By Joel Bates
I wasn’t at Golgotha, but it was a dark Friday when I stood on the hill of crosses. We had been traveling together in the wilderness for about a week before my co-leader and I pulled the bottom out from under the missionaries-in-training. They would have to exchange their comfortable canoes for the burden of hiking with backpacks. Some of them glared at us in astonishment, the anger brewing under the surface because of what this could cost them. They were a mixed bag of global evangelists, some singles and some families all headed for unknown challenges in the four corners of the world. There were children in the group, too, including an infant and two toddlers. How would they be able to transport children and infants, food, and all the camping gear to a yet unknown destination? They could relate to Abraham, actually Abram, as he also faced a call to go to a land God would show him, a place far away over a distance he did not know. However, the mission recruits did have their first destination, just not the knowledge of how many more would follow, so with what they did know they lifted their packs and kid-carriers to their backs and set their feet on the path.
From the first, the way was slow going. Brambles and thorns obscured what little evidence of a trail existed, and soon they faced another challenge. They had to march up a mountain. Since the destination lay at the top, there was naught to do but trust the map and compass, hold to the bearing, and press on. Again I thought of Abraham as he sojourned throughout the land of promise, never really reaching the destination, hoping in the promise of a child, fulfillment always just out of reach and out of his earthly control, yet he was credited for his faith, faith in a promise. For most of his life that was his only bearing.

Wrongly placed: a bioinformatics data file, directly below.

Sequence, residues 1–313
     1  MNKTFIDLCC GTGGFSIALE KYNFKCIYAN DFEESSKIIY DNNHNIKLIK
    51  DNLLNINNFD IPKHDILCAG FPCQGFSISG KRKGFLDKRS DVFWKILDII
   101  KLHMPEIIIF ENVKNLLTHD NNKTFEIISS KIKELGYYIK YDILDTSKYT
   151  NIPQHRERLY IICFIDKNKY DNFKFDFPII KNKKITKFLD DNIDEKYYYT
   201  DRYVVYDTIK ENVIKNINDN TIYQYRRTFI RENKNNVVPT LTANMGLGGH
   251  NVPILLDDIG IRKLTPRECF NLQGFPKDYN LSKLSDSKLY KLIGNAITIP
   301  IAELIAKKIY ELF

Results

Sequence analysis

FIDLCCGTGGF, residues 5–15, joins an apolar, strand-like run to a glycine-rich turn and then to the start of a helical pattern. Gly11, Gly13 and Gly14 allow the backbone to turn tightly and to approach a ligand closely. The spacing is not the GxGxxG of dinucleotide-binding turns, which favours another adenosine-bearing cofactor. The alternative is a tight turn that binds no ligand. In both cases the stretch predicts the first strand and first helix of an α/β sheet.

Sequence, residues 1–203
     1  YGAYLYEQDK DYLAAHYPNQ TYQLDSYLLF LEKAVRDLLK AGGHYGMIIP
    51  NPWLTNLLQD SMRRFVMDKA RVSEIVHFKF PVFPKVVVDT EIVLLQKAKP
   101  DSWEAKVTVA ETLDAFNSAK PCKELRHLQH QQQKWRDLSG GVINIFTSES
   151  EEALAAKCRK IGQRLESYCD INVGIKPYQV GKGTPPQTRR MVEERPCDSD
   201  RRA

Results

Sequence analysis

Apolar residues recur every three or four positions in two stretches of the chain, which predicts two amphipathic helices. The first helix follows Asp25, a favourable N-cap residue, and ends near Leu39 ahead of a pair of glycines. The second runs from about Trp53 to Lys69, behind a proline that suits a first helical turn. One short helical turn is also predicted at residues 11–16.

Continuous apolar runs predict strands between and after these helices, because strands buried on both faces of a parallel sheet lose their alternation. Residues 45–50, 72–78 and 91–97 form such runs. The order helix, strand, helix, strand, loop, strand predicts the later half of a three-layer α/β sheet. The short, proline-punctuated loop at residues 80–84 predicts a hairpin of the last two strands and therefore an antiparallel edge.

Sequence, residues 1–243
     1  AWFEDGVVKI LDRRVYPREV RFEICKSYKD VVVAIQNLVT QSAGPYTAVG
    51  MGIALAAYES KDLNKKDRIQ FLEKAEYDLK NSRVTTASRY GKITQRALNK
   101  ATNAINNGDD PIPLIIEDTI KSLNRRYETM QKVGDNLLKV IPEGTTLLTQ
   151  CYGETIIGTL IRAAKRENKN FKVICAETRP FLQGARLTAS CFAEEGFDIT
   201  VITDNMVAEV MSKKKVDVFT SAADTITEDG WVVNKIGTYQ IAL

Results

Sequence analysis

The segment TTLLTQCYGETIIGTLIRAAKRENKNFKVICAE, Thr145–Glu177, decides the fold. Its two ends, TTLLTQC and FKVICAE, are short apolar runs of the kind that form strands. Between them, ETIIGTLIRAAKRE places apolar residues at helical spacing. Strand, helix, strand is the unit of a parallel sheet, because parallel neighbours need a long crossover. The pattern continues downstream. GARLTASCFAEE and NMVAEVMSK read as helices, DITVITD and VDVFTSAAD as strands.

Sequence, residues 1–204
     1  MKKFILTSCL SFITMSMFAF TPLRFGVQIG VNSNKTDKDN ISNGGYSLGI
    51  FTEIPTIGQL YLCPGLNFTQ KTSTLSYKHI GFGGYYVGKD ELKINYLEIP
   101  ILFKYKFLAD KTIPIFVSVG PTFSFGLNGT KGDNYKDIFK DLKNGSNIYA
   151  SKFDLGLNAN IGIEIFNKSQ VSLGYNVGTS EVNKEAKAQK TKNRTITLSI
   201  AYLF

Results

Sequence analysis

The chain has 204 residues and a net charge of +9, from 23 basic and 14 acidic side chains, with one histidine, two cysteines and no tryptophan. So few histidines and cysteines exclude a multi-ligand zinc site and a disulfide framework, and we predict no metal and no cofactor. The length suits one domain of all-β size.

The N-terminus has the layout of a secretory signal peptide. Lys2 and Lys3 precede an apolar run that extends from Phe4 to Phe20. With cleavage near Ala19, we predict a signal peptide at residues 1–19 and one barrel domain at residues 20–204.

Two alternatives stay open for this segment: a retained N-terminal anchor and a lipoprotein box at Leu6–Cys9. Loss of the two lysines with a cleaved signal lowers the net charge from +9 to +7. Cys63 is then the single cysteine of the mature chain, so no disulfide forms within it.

After spending most of the day trudging from one destination to the next, enjoying the temporary joy of a successful proof, and delighting brief rests, my co-leader and I chose one final destination. It was a small hill just a stone’s throw away from what would be our final campsite—a hill utterly insignificant and arbitrary except for one monumental feature, three large crosses standing tall.
The bedraggled missionaries knew neither the significance of the destination nor that it was the last destination of the trip. The light of day was dwindling, and the dark storm brewing on the horizon promised we would soon be pelted with raindrops. They put a good face on it all and set off with a degree of hearty will, but after we had been slogging along with heavy burdens in the rain for a few hours, they realized with great dismay that they had taken a wrong turn and passed their destination. The anticipated cheer of success faded as a growing anxiety of their being totally and utterly lost descended on them.
One of the group leaders, a young husband and father, looked at the group and in brokenness confessed that he doubted they could go on any farther. The children were crying and soaking in the rain. Nightfall threatened to obscure the destination. And quite honestly, he had lost his own personal belief in the mission. Knowing that this was not the time or place to quit, I pulled him aside and simply whispered, “I believe you can do this, and your group is capable of following you.” He silently nodded in acknowledgement as tears lined his cheeks.